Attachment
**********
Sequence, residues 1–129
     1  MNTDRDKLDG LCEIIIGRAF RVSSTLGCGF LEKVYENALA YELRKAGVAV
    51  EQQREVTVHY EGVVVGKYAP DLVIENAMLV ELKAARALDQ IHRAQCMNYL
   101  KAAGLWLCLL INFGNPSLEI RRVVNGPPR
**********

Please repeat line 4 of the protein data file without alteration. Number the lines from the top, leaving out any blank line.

   101  KAAGLWLCLL INFGNPSLEI RRVVNGPPR